D. Gilson is a writer and author of essays, poetry, and scholarship that explore the relationship between popular culture, literature, sexuality, and memoir. His latest book is Jesus Freak, with Will Stockton, part of Bloomsbury’s 33 1/3 Series. His other books include I Will Say This Exactly One Time and Crush. His first chapbook, Catch & Release, won the 2012 Robin Becker Prize from Seve...

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Jeffrey Johnson is a legal writer with a focus on personal injury. He has worked on personal injury and sovereign immunity litigation in addition to experience in family, estate, and criminal law. He earned a J.D. from the University of Baltimore and has worked in legal offices and non-profits in Maryland, Texas, and North Carolina. He has also earned an MFA in screenwriting from Chapman Univer...

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Reviewed by Jeffrey Johnson
Insurance Lawyer

UPDATED: Jul 19, 2021

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With automobile crashes remaining one of the top causes of death worldwide, manufacturing, distributing and installing faulty airbags is equal to creating a fake vaccine for tuberculosis. And yet it’s true, according to government officials, for three years running, counterfeit airbags have been discovered in nearly every brand of automobile.


In tests conducted by the U.S. Dept. of Transportation’s National Highway Traffic Safety Administration (NHTSA), these fake airbags were shown either to not deploy at all or explode, shooting metal scraps at the unfortunate crash test dummies in their path.

Although an investigation by the NHTSA is still underway, the culprits are still at large and there are no known injuries or deaths reported from the bad bags, but the threat is real even though the percentage of installation has been estimated at only 0.1% of all cars. Just like many other product “fakes,” the NHTSA and its partners have concluded that the counterfeit airbags they discovered were manufactured in China.

Who’s at risk? Anyone who either bought a used car without first checking the car’s history for major accidents or those who have had their car repaired by a non-manufacturer service shop. You are also at risk if you’ve purchased airbags over the Internet. The unfortunate reality is that it’s really impossible to know if your car has fake airbags without spending around $100 to $200 to have it checked out.

Additionally, since this is not recall, the cost to replace and repair the airbags must come directly out of the consumer’s pocket. A. Bailey Wood Jr. from the National Automobile Dealers Association says that the cost of the steering wheel airbag can be as high as $700 to $1,000 and in some cars, up to $3,000 with labor included.

The list of cars for which the NHTSA has discovered associated counterfeit products is extensive. Most model years are from the early to mid 2000’s, but one standout on the list is a 1992 Nissan Quest. It’s all the more unusual because airbags were not mandatory on cars until 1998. If you discover your car on the list, there’s a full list of call centers associated with each manufacturer available at www.SaferCar.gov.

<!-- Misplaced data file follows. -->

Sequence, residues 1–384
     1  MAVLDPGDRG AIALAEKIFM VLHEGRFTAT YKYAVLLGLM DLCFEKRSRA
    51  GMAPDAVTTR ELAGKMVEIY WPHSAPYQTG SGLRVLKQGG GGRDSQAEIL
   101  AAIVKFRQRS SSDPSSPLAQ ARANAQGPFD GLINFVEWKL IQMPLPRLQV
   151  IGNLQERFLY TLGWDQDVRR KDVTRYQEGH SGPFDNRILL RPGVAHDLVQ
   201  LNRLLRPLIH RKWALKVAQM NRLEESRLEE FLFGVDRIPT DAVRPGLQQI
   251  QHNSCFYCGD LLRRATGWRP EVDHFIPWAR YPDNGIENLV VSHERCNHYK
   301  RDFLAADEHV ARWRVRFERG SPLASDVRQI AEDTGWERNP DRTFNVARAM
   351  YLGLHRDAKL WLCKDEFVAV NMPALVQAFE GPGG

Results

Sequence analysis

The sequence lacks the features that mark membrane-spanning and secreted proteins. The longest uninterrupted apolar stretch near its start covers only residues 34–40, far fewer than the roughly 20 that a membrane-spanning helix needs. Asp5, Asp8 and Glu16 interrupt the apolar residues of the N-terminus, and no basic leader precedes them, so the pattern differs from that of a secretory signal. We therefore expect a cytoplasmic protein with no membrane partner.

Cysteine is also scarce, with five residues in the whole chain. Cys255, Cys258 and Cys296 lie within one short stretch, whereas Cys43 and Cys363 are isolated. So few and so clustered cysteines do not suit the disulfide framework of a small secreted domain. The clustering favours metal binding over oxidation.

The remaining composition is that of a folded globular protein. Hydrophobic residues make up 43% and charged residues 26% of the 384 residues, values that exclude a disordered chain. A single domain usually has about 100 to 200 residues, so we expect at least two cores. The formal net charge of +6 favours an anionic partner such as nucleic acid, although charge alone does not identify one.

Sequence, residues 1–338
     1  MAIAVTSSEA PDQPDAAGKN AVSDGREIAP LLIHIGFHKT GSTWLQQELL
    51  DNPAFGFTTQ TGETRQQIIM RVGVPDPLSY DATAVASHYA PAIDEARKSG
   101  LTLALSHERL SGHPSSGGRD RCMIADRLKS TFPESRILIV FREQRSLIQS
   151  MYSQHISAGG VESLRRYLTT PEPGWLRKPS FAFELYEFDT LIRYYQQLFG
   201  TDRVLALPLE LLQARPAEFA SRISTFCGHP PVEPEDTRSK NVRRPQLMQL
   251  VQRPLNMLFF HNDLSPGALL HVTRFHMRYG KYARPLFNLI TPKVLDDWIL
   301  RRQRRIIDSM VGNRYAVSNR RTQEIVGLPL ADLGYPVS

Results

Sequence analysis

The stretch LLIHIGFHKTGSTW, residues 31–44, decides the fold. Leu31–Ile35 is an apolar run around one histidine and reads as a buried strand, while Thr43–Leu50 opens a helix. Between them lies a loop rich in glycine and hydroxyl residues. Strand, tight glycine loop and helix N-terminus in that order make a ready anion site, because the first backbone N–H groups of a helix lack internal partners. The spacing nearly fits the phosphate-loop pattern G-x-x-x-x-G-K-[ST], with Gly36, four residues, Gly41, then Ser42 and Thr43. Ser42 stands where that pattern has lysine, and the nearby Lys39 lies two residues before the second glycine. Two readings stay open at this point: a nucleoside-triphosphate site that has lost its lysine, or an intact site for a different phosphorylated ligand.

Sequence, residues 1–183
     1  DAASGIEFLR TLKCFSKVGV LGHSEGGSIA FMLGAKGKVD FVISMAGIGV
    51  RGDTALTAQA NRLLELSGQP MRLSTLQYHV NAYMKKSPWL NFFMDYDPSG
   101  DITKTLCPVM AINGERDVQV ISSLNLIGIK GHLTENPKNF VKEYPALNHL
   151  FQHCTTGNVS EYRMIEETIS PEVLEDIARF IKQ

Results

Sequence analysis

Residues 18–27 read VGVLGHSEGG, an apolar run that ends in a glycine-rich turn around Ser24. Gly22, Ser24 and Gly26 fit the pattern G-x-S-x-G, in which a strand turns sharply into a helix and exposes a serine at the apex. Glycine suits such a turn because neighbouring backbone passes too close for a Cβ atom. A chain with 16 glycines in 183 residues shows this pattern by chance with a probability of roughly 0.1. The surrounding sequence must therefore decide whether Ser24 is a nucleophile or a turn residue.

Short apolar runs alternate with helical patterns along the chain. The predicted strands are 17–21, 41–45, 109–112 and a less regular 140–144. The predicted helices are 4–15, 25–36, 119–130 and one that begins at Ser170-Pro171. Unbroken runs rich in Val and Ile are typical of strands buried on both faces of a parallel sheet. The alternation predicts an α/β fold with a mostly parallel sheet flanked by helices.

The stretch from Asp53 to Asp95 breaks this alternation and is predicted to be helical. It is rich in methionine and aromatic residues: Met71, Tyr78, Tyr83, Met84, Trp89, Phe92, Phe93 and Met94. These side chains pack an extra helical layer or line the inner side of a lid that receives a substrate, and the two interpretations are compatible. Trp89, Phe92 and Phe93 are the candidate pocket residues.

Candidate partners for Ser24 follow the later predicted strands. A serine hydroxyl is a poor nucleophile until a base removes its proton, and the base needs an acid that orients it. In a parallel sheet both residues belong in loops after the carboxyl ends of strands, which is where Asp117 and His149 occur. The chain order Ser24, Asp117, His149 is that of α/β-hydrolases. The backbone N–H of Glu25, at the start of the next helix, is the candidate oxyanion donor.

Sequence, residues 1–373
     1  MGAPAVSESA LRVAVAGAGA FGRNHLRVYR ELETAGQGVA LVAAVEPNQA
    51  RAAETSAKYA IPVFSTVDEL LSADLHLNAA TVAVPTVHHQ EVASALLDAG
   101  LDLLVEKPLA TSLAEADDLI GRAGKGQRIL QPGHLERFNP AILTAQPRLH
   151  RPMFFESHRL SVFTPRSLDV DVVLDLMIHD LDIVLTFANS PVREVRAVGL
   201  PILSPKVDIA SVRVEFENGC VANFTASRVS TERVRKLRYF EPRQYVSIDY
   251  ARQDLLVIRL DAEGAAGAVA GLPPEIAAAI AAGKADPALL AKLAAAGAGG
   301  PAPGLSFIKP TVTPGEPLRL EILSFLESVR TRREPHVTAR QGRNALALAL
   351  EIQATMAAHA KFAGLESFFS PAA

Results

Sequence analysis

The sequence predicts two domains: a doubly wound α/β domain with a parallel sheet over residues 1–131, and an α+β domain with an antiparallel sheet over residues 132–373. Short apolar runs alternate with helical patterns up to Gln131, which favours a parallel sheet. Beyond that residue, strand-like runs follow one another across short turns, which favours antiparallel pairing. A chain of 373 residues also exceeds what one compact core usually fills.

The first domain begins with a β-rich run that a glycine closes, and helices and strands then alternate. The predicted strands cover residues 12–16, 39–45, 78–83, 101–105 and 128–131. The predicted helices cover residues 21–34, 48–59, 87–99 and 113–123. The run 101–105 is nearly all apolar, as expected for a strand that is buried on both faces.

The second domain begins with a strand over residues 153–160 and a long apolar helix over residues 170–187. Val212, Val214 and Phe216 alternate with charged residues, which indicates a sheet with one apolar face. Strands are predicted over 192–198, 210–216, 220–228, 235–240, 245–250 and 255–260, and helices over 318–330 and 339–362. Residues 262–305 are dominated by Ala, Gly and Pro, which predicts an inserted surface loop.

So, could you be sitting on a time bomb? There are some recommended courses of action if you suspect you’ve been scammed with a fake safety device.

Call the auto manufacturer
First, federal officials have set up call centers with toll-free telephone numbers for each manufacturer, but these are really just the service numbers that represent each of the different brands involved. Training has been given to each of the manufacturers to help you deal with the issue at hand, but the degree of satisfaction you get will vary.

Get a history record of your car
If you don’t have full knowledge of your vehicle history, get information using Carfax which can provide some helpful details or contact your local new car dealer to have your vehicle inspected at your own expense and your air bag replaced if necessary.

Get in touch with your insurance provider
If you are concerned and have an air bag that was replaced at a repair shop recommended by your insurance company we recommend that you contact your insurance company.

Get online support
If you purchased a counterfeit air bag from eBay it may be covered by that company’s “Buyer Protection” program. Contact eBay’s Customer Support center accessible on www.eBay.com.

Rat out the repair shop
You may also wish to contact your local consumer protection agency or the appropriate State Office of the Attorney General to determine your rights under the law. Also, consider contacting the Better Business Bureau or the Federal Trade Commission to file a complaint.

Even though there’s a cost associated with the discovery process, consumers are urged to take action. “We expect all motor vehicle equipment to meet federal safety standards — and air bags in particular play a central role in keeping drivers and passengers safe in the event of a crash,” said NHTSA Administrator David Strickland. “That’s why it’s critical that vehicle owners work with their automotive dealers and repair professionals to ensure they use the appropriate, original equipment parts in the event they need to replace their air bag.”